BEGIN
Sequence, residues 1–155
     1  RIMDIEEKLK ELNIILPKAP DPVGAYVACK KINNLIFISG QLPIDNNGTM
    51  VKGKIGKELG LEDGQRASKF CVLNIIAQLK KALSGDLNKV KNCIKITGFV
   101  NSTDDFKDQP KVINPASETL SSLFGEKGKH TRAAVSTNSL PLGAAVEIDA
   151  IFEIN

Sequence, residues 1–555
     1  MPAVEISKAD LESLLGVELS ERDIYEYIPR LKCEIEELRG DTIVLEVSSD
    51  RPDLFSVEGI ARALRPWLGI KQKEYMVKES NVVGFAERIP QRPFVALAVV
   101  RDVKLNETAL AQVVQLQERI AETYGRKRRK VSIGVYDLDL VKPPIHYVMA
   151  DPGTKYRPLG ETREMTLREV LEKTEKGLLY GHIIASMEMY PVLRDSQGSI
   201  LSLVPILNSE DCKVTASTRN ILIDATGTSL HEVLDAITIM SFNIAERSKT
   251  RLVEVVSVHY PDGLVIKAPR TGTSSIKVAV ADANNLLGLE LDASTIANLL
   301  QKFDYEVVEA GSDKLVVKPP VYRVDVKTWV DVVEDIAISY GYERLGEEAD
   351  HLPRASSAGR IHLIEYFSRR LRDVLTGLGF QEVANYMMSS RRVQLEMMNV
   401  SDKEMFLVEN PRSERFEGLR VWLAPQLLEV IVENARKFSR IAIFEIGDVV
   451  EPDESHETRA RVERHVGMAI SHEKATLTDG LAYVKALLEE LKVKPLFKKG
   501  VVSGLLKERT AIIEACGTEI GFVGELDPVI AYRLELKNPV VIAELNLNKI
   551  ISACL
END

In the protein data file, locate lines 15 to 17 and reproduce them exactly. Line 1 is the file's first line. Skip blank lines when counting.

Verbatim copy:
   401  SDKEMFLVEN PRSERFEGLR VWLAPQLLEV IVENARKFSR IAIFEIGDVV
   451  EPDESHETRA RVERHVGMAI SHEKATLTDG LAYVKALLEE LKVKPLFKKG
   501  VVSGLLKERT AIIEACGTEI GFVGELDPVI AYRLELKNPV VIAELNLNKI